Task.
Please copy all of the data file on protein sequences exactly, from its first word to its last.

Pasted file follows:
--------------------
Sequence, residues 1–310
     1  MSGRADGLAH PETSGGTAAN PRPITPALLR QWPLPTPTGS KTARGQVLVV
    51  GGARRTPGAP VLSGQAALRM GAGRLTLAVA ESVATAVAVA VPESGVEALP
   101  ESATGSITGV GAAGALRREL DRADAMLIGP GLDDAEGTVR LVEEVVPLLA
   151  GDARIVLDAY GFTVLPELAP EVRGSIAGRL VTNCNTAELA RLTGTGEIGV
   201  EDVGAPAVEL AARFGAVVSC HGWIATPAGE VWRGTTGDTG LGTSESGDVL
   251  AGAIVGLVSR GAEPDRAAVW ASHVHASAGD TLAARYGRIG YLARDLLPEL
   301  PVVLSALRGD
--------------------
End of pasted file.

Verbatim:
Sequence, residues 1–310
     1  MSGRADGLAH PETSGGTAAN PRPITPALLR QWPLPTPTGS KTARGQVLVV
    51  GGARRTPGAP VLSGQAALRM GAGRLTLAVA ESVATAVAVA VPESGVEALP
   101  ESATGSITGV GAAGALRREL DRADAMLIGP GLDDAEGTVR LVEEVVPLLA
   151  GDARIVLDAY GFTVLPELAP EVRGSIAGRL VTNCNTAELA RLTGTGEIGV
   201  EDVGAPAVEL AARFGAVVSC HGWIATPAGE VWRGTTGDTG LGTSESGDVL
   251  AGAIVGLVSR GAEPDRAAVW ASHVHASAGD TLAARYGRIG YLARDLLPEL
   301  PVVLSALRGD